It was clear that the Government did not want a proper scrutiny of the new property tax and the new powers extended to the Revenue Commissioners, Donegal Sinn Fein Deputy Pearse Doherty told the Dáil. The Government had not allowed the Dáil to debate “one of the most draconian pieces of legislation” it had ever seen, he said, which extended huge powers to the Revenue Commissioners to deduct a property tax from people’s salaries, social welfare payments, farm assist payments and so on.
“It is absolutely appalling that the same families that were hit by the reduction of €325 in the respite care grant will be hit by a property tax,” added Deputy Doherty. “The one in four households that cannot pay their mortgages and the families already in poverty will be slapped with this tax by the Labour Party and Fine Gael. It is another broken promise,” he said.
The proposal was not a property tax, claimed the Deputy. A real property tax would include all assets and stocks and shares. It would include homes, land, yachts and art collections. It would be a tax on wealth. “This Government is not in the business of taxing wealth or the wealthy. It is in the business of taxing those who are least able to pay. In many cases and for many people, this will be a tax on a liability, on a debt. The family home tax seeks to impose a charge on every single family home in the State. There are no exemptions for the one in four mortgage holders in mortgage distress.”
Deputy Pearse Doherty said there were other proposals that could have been considered during the Budget. “What about a gambling levy?” he asked. “When I was young, I used to walk to the bookmaker’s for my father to place a bet. If one bet €10, one had to pay a levy of 10%. Why not introduce a gambling levy of 5%? The Department has stated this would yield €265 million. Why ask people who simply cannot pay any more to pay more because they have a roof over their heads? It just does not make sense.”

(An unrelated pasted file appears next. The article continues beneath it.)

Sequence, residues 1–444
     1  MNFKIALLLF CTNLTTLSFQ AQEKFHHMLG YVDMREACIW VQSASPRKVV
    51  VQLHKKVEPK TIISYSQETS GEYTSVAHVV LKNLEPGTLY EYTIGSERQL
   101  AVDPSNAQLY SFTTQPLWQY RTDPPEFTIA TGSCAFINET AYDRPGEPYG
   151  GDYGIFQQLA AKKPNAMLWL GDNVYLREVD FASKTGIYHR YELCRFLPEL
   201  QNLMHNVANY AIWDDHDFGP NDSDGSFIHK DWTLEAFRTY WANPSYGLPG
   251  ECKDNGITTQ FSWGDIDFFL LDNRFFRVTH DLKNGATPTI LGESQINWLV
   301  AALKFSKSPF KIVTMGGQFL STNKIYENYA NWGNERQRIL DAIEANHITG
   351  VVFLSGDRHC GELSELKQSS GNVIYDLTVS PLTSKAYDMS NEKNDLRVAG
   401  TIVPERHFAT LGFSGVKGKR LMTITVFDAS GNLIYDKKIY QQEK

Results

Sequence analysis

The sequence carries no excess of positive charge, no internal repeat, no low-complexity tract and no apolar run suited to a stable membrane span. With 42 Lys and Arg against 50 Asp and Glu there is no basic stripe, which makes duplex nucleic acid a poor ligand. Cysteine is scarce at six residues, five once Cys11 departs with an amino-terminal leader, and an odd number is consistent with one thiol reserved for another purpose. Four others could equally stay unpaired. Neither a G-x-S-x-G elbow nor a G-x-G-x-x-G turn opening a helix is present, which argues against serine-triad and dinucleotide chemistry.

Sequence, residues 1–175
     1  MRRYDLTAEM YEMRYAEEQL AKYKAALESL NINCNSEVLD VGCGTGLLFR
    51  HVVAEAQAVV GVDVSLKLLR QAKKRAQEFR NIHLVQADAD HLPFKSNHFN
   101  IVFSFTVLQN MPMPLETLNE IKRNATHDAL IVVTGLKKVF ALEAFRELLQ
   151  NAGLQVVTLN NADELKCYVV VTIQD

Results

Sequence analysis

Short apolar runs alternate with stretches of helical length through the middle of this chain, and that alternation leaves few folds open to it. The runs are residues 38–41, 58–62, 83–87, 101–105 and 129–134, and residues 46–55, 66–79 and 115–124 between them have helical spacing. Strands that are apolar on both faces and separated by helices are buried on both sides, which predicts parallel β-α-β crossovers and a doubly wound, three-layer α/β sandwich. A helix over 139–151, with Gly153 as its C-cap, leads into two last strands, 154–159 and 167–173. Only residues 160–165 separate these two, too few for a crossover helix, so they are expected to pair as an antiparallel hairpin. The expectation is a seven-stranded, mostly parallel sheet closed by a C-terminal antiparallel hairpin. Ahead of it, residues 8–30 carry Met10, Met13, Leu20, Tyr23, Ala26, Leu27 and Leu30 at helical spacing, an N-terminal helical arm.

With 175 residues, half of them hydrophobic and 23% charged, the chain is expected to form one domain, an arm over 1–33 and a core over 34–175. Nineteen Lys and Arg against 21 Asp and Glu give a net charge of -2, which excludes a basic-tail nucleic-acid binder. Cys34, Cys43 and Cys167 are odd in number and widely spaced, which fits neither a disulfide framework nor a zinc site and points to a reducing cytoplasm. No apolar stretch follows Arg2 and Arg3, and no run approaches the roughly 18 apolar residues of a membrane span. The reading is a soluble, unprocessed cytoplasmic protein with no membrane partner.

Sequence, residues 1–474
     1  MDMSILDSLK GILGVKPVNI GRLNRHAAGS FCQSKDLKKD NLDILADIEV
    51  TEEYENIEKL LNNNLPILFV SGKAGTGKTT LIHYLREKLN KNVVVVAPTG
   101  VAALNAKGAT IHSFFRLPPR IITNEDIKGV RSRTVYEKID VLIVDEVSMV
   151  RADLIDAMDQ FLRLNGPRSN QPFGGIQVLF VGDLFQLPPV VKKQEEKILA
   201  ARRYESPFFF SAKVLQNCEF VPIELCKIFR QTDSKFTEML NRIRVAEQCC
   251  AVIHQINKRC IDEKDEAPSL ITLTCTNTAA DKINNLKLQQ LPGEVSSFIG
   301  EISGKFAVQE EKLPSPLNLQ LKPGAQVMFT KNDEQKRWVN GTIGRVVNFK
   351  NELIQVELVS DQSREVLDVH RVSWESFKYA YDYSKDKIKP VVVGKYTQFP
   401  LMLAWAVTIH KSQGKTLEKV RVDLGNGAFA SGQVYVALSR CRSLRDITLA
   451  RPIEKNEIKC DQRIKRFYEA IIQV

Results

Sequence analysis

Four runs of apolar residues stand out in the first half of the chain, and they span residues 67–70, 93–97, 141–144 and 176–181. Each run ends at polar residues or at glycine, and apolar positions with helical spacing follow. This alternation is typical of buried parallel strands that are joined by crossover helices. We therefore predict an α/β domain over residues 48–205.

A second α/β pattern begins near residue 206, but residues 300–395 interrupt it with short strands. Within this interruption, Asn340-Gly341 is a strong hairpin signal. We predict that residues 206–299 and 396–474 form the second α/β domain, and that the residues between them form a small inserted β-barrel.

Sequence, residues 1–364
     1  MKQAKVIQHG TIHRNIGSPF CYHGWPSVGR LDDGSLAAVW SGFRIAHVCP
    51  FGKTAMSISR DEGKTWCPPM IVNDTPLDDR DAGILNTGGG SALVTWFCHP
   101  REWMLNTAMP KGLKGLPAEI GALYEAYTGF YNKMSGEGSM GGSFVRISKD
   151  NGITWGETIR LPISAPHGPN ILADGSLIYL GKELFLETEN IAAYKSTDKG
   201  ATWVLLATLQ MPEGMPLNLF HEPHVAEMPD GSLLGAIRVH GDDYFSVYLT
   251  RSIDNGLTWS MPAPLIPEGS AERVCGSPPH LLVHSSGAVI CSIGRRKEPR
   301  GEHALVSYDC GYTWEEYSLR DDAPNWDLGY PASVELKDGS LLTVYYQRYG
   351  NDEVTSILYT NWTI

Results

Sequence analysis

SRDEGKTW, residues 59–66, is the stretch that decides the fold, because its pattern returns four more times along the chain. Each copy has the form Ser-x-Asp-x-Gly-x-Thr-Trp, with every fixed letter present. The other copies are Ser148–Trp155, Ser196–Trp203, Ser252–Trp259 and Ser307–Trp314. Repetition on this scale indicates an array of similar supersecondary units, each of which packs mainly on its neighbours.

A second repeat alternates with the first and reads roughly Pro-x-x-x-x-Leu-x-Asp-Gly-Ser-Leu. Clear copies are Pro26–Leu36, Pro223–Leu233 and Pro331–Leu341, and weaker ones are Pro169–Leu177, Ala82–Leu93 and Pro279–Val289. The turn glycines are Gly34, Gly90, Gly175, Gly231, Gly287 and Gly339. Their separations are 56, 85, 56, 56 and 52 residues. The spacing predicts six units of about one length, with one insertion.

Mac Lochlainn calls for Traveller rights
Donegal North East Sinn Féin Deputy Pádraig Mac Lochlainn (above) called on the Minister for Justice to introduce legislation recognizing Traveller ethnicity. Speaking in the Dáil following the Minister’s response that he had no immediate plans to introduce such legislation, Deputy Mac Lochlainn claimed there had been foot dragging on this issue for a long time.
“Coming from the Traveller tradition - my mother and grandmother are Travellers - it is critically important that we define the rights and responsibilities of the Traveller community,” he said. “This issue relates to their rights in terms of culture and their unique place in Irish society. When these have been firmly established and guaranteed, we can then deal effectively with the issue of responsibilities, as it applies to every citizen of the State.”
Democracy does not come cheaply maintains Harte
Getting rid of the Seanad might save money, but it would be like closing a town library, Senator Jimmy Harte told the Seanad. “It might save money but we must continue educating people.” One might save €1 million in a council area by closing some libraries but what is the real cost of such a move? There are people who would say that both the Dáil and Seanad should be closed. It may satisfy some people and save a few euro but the consequences would be catastrophic, maintained Senator Harte.
Democracy does not come cheaply, he added. “We are all aware of the cost of the Budget and the pain many people are feeling. As happened in the past, there was a certain constituency of people who said democracy was not working, but it was the road to dictatorship. We must continue with what we know as our democracy.”
Senator Harte said that efficiencies obviously come with the Budget, and as parliamentarians the Dáil and Seanad must welcome all such efficiencies, especially in the running of Parliament.